VIEWS: 132 PAGES: 2 POSTED ON: 11/16/2011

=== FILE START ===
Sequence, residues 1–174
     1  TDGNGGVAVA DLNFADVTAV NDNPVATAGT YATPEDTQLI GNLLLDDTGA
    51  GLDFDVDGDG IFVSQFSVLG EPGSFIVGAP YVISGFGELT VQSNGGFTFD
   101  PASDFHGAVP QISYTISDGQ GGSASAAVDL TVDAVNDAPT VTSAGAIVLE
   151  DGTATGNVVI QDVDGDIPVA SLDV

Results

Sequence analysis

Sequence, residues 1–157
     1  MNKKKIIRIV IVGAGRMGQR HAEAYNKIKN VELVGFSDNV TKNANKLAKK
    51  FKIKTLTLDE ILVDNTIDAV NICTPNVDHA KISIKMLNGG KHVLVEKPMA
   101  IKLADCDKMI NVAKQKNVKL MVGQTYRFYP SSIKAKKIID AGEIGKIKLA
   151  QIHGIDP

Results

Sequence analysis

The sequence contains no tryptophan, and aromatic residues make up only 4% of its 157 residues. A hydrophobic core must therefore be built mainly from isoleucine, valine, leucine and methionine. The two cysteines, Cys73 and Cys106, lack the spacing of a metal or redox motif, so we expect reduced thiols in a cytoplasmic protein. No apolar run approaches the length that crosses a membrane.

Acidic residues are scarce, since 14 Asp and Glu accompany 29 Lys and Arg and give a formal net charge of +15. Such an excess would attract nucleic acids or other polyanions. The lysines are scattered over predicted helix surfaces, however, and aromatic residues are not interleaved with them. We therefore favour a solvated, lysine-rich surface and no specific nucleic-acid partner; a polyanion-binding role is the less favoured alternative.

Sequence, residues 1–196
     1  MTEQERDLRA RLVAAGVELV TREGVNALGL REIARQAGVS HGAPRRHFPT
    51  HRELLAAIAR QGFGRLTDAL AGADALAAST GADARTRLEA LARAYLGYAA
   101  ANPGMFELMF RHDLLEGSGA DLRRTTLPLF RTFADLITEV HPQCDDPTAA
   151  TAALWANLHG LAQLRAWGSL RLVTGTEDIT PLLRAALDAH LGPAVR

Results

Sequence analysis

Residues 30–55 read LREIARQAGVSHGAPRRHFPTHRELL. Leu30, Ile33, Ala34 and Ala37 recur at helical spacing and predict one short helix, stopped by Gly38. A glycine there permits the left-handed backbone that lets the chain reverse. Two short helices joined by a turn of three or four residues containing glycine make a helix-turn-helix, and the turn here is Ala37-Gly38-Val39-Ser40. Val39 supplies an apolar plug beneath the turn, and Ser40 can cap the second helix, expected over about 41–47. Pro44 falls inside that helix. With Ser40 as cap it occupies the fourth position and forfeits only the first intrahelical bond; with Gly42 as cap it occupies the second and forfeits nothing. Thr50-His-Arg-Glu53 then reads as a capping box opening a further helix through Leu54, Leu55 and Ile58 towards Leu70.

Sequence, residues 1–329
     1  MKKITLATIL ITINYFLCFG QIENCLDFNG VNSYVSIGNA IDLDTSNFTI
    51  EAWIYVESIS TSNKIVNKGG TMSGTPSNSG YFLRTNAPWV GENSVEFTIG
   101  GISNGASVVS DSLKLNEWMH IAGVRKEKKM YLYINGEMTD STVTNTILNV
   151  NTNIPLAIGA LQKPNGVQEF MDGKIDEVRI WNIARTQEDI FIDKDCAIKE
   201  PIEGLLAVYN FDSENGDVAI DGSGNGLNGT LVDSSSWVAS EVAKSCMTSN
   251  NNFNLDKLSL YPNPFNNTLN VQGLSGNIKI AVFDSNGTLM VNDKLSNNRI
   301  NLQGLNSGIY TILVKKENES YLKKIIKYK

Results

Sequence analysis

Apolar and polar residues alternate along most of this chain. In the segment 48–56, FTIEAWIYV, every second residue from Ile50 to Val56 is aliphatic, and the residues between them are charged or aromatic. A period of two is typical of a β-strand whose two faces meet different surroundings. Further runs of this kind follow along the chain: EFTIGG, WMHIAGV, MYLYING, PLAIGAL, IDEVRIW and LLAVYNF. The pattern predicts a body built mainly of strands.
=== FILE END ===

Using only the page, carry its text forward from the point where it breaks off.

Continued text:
Now, earn up to 16.53% returns from public provident fund MUMBAI: For investors battered by high inflation and flat returns from stocks and mutual funds, the hike in interest rate on small saving schemes is a bonanza of sorts. The biggest gainers will be account holders of public provident fund (PPF), which now comes with the double benefit of higher interest rate (8.6%) and higher annual investment limit (Rs 1 lakh). Experts say the hike in interest rate has made the PPFthe best option for conservative investors. If a couple starts contributing Rs 1 lakh every year, they can together build a tax-free corpus of Rs 61.8 lakh over 15 years. However, this assumes the rate will remain steady at 8.6%, a very unlikely scenario considering the rate is linked to the yield of government bonds. Analysts believe the interest rate cycle is close to peaking out and rates could go down in the coming months (see table). The raising of the annual limit from Rs 70,000 to Rs 1 lakh will benefit investors looking to park money in tax-free avenues. The Rs 2,580 interest earned on the additional investment of Rs 30,000 will escape the tax net every year. What's more, if the investor claims tax benefits under Section 80C, his effective return will be close to 16.53%. The revised rates for small savings are only for this fiscal and the new rates will be announced at the beginning of every financial year. If the PPF rate is 8.6% in the first year but subsequently drops to 7.6%, the corpus at the end of 15 years would be smaller by about Rs 97,500 than what it would earn under the 8% offered till now. "If you want to make the most of your PPF account, be disciplined and contribute every year and do not take loans from the account," says Sumeet Vaid, founder, Freedom Financial Planners. "After the initial 15 years, one can keep extending the deposit for 5 years at a time," he adds. While the PPF has become more attractive, the new improved NSC with an interest rate of 8.4% but a reduced tenure of five years may not find favour with many investors. Banks are offering up to 9-9.5% on 5-year tax savings fixed deposits.The State Bank of India offers 9.25% on such deposits. Similarly, fixed deposit and savings bank accounts of the post office, despite the increased rates, are not attractive because banks offer better rates. Besides, it is easier to withdraw money from a bank, thanks to ATMs and their wider reach.